edited by Meagan Ayer et al.

1st and 2nd Declension Adjectives: Stems ending in -ro

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111. Stems ending in ro- preceded by e form the Nominative masculine like puer (§ 47) and are declined as follows.

1st and 2nd Declension Adjectives: Stems ending in -ro

a. The following are declined like miser:

 Asper, gibber, lacer, liber, prosper (also prosperus), satur (-ura, -urum), tener 

 with compounds of -fer and -ger

saetiger, -era, -erum bristle-bearing

also, ususally, dexter. In these the e belongs to the stem; but in dextra it is often omitted: dextra manus the right hand.

Note— Stems in ēro- (as prōcērus), with mōrigĕrus, propĕrus, have the regular nominative masculine in -us

b. The following lack a nominative singular masculine in the classic use.

cetera, infers, posters, super

They are rarely found in the singular except in certain phrases.

poster die the next day

Note— An Ablative feminine in is found in a few Greek adjectives: lectīcā octōphorō (Verr. 5.27)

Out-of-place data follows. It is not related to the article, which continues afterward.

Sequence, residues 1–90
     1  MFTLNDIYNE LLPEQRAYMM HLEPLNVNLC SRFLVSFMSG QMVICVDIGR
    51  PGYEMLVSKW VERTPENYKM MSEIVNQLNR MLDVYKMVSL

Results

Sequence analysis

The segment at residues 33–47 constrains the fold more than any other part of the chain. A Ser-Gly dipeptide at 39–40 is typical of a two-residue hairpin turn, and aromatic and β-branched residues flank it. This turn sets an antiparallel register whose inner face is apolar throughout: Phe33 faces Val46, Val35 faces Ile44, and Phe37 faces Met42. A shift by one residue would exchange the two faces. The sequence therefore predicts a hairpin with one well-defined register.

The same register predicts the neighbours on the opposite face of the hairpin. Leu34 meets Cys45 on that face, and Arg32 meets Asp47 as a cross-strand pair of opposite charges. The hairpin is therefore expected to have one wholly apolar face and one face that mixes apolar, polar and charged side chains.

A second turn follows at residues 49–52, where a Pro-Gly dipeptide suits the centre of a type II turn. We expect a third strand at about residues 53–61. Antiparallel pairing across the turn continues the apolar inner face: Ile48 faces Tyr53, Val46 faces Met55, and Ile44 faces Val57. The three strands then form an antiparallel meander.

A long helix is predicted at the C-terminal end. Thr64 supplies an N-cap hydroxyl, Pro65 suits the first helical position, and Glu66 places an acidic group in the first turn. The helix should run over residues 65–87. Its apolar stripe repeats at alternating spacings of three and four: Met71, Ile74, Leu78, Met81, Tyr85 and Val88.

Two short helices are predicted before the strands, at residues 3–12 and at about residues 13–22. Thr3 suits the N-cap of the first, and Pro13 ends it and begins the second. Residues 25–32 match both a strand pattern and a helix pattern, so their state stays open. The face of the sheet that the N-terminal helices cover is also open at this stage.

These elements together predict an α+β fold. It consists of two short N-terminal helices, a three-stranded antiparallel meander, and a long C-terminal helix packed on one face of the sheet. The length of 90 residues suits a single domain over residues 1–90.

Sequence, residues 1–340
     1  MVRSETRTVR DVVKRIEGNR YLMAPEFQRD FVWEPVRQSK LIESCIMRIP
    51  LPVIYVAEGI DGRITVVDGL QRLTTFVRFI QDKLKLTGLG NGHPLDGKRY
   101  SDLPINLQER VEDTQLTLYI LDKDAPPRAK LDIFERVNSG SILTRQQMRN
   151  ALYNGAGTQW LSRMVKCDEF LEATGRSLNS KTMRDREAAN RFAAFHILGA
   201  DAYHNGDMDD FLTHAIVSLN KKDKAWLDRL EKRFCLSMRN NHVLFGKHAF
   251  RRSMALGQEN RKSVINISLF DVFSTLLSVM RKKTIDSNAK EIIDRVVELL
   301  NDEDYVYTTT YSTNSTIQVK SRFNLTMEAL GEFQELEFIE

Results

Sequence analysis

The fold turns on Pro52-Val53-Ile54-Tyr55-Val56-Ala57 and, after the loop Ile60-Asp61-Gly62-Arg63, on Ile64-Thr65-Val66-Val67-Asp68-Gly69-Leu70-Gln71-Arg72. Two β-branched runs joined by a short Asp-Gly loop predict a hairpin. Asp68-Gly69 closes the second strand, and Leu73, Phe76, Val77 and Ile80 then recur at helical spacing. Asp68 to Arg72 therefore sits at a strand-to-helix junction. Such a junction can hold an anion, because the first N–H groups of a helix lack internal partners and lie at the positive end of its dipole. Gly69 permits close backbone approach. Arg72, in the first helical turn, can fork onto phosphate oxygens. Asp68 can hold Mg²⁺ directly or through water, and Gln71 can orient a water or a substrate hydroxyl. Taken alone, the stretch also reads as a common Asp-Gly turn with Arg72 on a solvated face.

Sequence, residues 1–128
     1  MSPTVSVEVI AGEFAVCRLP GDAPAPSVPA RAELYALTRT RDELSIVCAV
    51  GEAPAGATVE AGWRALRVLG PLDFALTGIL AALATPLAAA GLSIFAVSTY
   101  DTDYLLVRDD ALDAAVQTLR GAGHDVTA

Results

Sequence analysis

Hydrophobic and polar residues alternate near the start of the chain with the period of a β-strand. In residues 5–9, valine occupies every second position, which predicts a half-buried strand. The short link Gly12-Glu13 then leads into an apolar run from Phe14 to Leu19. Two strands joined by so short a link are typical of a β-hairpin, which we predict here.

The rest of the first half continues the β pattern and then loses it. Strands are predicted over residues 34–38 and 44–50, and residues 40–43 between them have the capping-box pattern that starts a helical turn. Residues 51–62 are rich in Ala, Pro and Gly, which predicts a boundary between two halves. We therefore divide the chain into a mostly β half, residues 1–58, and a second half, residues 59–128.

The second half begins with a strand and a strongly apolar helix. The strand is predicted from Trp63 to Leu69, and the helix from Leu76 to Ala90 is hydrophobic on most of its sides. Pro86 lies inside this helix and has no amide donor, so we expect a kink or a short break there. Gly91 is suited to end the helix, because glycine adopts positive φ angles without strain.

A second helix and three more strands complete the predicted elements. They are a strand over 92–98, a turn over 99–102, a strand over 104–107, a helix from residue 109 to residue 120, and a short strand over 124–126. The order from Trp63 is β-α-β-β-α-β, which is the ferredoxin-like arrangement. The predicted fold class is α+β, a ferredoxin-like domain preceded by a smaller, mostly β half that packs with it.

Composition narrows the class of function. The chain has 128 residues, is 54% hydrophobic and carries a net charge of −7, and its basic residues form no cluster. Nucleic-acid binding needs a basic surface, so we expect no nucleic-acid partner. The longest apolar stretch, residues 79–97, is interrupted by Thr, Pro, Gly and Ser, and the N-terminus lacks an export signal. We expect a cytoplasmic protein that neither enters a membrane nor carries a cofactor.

112. Stems in ro- preceded by a consonant form the nominative masculine like ager (§ 47) and are declined as follows.

1st and 2nd Declension Adjectives: Stems ending in -ro after a consonant

a. The following ar declined like niger:

 aeger, āter, crēber, faber, glaber, integer, lūdicer, macer, piger, pulcher, ruber, sacer, scaber, sinister, taeter, vafer

also the possesives, noster, vester (§ 145).

Suggested Citation

Meagan Ayer, Allen and Greenough’s New Latin Grammar for Schools and Colleges. Carlisle, Pennsylvania: Dickinson College Commentaries, 2014. ISBN: 978-1-947822-04-7. http://dcc.dickinson.edu/grammar/latin/1st-and-2nd-declension-adjectives-stems-ending-ro